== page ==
Somewhere along my journey I had accepted a default setting that triggered depression every time life was out of control. Of course when terrible things happen one can understand that to feel depressed is normal. For me it was not always a traumatic event it was just that something was out of my control. I’d always wanted life to go right and when it didn’t I just couldn’t handle it. It was the same when people close to me made decisions that were not the best, I would react and respond in panic followed with depression. I needed to get to a place in which circumstances were no longer ruling my emotions.

Not so many years ago I had one of those lightning bolt moments and realised that I did not have the ability to control people’s decisions. People were going to do what they wanted regardless, so once I realised this as a problem I settled it once and for all and decided that I was no longer going to carry unnecessary burdens that were not mine. Instead of  holding onto everyone’s choices I began recognising that the choices people make are not in my control therefore ‘it was best just to let go’ and focus  on my own decisions and choices.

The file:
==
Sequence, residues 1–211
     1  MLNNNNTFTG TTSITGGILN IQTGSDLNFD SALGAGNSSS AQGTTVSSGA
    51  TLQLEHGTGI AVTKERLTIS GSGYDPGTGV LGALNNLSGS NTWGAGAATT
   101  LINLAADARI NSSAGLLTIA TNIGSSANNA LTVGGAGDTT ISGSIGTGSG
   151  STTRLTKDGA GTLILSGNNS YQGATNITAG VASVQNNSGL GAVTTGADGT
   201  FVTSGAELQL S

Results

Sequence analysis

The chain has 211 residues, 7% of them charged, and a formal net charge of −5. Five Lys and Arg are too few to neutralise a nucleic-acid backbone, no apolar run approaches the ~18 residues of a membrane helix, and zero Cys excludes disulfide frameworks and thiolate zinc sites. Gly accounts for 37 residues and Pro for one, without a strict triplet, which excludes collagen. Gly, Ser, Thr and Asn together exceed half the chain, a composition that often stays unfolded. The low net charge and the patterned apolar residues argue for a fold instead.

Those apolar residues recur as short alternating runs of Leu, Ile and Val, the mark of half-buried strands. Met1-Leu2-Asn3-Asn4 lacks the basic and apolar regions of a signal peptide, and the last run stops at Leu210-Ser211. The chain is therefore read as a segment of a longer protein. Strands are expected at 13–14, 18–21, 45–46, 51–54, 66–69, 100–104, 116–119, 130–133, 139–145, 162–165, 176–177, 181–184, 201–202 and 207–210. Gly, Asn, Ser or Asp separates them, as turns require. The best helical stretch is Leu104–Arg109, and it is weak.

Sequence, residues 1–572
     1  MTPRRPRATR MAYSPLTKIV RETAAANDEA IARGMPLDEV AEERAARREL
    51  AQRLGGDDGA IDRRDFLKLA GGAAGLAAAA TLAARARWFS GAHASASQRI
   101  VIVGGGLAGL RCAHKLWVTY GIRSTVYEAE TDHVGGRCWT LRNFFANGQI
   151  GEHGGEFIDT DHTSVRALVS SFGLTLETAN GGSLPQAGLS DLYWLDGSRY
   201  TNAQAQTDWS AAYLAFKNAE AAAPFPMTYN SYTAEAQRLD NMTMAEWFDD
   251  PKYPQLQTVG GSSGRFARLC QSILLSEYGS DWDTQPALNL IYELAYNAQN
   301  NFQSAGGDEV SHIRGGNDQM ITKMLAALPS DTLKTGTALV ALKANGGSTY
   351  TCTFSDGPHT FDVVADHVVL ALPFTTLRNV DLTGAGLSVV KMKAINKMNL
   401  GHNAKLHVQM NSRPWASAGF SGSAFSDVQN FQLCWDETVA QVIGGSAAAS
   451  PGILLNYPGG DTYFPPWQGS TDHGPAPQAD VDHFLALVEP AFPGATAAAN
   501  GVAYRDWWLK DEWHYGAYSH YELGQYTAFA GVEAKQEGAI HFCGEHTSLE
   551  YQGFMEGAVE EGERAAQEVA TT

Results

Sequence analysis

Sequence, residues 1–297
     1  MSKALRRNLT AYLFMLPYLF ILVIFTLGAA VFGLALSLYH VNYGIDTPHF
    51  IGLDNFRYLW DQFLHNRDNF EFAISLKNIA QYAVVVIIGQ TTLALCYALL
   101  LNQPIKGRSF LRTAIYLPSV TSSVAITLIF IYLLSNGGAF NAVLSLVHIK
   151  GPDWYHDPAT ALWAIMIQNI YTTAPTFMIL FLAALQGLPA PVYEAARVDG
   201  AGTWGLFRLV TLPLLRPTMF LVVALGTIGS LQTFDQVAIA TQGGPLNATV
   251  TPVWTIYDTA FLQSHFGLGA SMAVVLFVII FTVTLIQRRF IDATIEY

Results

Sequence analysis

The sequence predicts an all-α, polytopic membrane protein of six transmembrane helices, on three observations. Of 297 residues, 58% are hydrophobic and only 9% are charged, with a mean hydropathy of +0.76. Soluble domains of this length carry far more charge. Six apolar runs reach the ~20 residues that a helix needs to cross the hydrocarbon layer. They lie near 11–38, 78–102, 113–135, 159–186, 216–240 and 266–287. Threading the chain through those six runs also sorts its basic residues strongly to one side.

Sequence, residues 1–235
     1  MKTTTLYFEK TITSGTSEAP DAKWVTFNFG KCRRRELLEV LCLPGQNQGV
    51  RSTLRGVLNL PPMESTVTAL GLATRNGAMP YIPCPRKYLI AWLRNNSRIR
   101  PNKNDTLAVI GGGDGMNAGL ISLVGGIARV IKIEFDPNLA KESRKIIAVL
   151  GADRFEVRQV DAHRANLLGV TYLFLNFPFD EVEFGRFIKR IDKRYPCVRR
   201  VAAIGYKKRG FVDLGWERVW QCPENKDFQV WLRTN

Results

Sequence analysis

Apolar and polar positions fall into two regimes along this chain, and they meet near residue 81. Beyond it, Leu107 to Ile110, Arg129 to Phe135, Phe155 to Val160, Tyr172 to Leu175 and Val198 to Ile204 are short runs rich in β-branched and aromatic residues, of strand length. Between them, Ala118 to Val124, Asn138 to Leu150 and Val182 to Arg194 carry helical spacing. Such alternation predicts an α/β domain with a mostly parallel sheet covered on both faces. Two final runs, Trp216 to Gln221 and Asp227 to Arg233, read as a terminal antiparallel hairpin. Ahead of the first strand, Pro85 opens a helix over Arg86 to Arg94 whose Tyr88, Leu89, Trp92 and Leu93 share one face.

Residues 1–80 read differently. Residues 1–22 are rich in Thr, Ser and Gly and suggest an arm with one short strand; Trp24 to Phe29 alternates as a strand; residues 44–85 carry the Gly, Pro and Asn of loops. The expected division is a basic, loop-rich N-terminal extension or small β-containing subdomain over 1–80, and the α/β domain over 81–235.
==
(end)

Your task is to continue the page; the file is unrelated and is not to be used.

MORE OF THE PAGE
A lot of my healing happened when I was intentional about finding an answer, that rather than ignoring the obvious I decided to face the issues one step at a time. Not everyone can do this on their own of course so I would recommend seeing a professional if that is the case.

It is so freeing when you can find your way off the merry go round. We all have life experiences and some affect us more than others. Those repeat mode settings can keep you going in circles preventing you from living life freely. It is not easy to take a risk and become vulnerable yet the benefits are long term.

It is all too easy to become familiar with unhealthy responses and keep putting up with them; it is very rewarding to discover better responses that do not leave you emotionally empty. No one likes listening to the same song over and over for too long, after a while it just gets really old.

 It might be time to change the music.